(without use of kern, it would be a proper function).

> #(define (make-one-character-strings l1 l2)
>     "
>     l1 is supposed to be a list of strings.
>     make-one-character-strings will return a new list l2, 
>     build of the elements of l1.
>     Every string of l2 is a one character-string
>     e.g '("12" "34") -> '("1" "2" "3" "4")
>     "
>   (if (null? l1)
>      l2
>      (begin
>        (set! l2 (append l2 (string->string-list (car l1))))
>        (make-one-character-strings (cdr l1) l2))))

There is no point for this function to get two arguments as far as I can
see.  Just write

#(define (make-one-character-strings l1)
   (append-map string->string-list l1))

> #(define-markup-command (char-space layout props nmbr args)(number? 
> markup-list?)
>   #:category font
>   #:properties ((word-space 0.6) (word-space-left #f) (word-space-right #f))
>   "
> @cindex changing the space between single characters
> Inserts @var{nmbr} to the space between every character of @var{args}. 
> If @var{nmbr} is positive some additional space is created to the left and 
> the 
> right of @var{args}.
> @code{word-space-left} and @code{word-space-right} may be used to determine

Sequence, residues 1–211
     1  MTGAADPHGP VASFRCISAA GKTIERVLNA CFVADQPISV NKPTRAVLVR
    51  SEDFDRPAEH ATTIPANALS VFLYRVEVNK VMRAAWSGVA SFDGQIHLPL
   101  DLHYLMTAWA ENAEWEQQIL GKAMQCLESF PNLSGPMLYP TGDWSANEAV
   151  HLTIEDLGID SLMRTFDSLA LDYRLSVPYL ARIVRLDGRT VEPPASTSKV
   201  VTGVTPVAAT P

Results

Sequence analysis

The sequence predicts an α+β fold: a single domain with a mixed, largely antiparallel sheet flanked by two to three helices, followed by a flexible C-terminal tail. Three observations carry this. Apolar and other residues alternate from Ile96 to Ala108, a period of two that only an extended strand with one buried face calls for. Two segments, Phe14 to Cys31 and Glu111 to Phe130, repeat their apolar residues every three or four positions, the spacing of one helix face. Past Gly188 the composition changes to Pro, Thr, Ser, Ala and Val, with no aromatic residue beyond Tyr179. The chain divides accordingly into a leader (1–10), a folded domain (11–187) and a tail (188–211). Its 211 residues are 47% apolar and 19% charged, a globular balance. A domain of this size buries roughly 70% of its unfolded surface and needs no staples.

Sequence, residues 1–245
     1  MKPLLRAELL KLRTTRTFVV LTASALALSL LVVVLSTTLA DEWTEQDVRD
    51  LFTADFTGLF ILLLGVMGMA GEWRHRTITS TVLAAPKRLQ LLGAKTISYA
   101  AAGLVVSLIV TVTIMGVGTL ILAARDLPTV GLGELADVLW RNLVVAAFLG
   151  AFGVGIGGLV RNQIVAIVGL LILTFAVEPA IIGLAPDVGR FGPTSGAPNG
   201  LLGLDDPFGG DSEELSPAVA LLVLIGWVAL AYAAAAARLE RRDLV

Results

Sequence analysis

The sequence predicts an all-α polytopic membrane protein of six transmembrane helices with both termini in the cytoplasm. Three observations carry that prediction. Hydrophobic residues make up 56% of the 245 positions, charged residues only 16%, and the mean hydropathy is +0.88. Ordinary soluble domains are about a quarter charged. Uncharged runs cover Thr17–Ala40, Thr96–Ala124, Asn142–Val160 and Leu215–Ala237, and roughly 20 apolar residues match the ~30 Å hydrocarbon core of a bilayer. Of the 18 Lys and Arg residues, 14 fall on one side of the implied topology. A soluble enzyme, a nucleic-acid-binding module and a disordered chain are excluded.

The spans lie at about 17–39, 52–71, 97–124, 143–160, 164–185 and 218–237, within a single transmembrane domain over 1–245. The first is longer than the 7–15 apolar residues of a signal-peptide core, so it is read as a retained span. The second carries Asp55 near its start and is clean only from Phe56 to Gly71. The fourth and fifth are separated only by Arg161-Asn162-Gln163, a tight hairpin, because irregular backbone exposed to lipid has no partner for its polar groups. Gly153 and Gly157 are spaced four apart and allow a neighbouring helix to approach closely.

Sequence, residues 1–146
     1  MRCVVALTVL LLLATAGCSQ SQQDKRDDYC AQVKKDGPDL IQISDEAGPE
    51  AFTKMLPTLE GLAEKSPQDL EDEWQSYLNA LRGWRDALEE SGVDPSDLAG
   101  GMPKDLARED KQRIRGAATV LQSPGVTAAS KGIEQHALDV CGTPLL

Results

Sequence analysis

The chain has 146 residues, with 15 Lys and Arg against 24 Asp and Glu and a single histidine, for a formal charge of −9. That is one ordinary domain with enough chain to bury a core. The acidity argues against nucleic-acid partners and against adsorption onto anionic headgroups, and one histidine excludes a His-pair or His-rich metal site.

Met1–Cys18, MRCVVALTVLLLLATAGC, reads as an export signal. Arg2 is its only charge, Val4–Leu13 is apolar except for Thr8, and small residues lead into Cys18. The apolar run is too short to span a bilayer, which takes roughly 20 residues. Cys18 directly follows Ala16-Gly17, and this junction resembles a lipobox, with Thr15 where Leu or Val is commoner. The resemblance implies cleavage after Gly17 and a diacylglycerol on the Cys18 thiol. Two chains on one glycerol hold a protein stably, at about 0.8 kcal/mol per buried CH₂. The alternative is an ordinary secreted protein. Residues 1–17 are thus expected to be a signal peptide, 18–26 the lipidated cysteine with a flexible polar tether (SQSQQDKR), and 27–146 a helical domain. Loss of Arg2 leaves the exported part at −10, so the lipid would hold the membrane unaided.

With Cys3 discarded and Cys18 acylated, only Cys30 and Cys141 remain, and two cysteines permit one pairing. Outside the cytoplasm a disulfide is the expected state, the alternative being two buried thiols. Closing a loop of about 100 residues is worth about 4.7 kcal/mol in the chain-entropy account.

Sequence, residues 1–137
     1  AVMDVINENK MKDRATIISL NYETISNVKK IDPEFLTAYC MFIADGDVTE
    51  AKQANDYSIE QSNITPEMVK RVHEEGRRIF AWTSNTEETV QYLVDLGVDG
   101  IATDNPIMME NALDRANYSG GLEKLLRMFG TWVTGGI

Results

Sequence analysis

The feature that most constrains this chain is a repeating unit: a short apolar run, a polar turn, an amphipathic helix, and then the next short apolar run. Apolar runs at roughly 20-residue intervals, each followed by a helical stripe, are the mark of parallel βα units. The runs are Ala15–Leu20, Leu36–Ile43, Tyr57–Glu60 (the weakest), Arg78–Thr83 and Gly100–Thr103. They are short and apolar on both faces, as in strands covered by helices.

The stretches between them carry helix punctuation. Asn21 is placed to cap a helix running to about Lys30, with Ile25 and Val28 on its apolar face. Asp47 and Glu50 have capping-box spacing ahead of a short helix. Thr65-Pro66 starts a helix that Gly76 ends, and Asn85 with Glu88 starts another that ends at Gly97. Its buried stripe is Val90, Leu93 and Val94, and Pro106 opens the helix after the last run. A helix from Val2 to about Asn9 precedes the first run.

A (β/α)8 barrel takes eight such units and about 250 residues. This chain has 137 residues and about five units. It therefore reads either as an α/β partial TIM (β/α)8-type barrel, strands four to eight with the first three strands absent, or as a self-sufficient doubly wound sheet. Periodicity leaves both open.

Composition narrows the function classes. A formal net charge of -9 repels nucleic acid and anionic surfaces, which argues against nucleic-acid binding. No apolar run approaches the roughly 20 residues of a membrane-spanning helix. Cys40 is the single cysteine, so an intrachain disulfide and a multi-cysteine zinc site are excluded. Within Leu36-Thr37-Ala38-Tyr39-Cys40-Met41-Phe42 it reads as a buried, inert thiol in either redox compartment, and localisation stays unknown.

> the
> space on the left or right side of @var{args}, @code{word-space} to determine 
> it 
> at both sides.
> @lilypond[verbatim,quote]
> \\markup \\override #'(line-width . 66) \\wordwrap {
>   This text contains some \\bold \\char-space #-0.3 { compressed } parts and
>   some parts which are \\bold \\char-space #1 { stretched. } If a part is 
>   \\bold \\char-space #1 { stretched } some additional space will be inserted
>   to the left and to the right. If you want to change the default use the 
> properties 
>   \\italic word-space, \\italic word-space-left and \\italic 
> word-space-right. If a part is 
>   \\bold \\char-space #-0.3 { compressed } the space to the left and to the 
> right
>   is not affected.
>   Par example: \\override #'(word-space . 2) \\bold \\char-space #1 { This 
> little text }
>   has more space on both sides.
>   This will work with accented letters, german Umlaute etc: 
>   \\bold \\char-space #1 { .¡.©.§.¤.¶.¼.ƒ†.‚.ト }
> }
> @end lilypond"
>   (let* ((args-rev (remove (lambda (x) (string=? "" x)) args))
           (args-rev (delete "" args))
>          (new-args (list-join args-rev " "))


>          (argls (make-one-character-strings new-args '()))
>          (pos-nmbr (max nmbr 0.0)) ; 'nmbr' limited to be not below 0.0
>          (stils (map (lambda (x)(interpret-markup layout props x)) argls))
>          (first-stil (if (eq? argls '()) point-stencil (car stils))))

(eq? argls '()) is usually written as (null? argls).  Quite equivalent,
but null? is the classical predicate to use and expect.

>  (ly:stencil-combine-at-edge  
>    (ly:stencil-combine-at-edge
>       (ly:make-stencil "" 
>              (cons 0 (abs (* pos-nmbr 3 (if (number? word-space-left)
>    word-space-left word-space))))

word-space-left has been given a default in the function definition.  So
if it is not a number, this is an error case I would not try to catch.

David Kastrup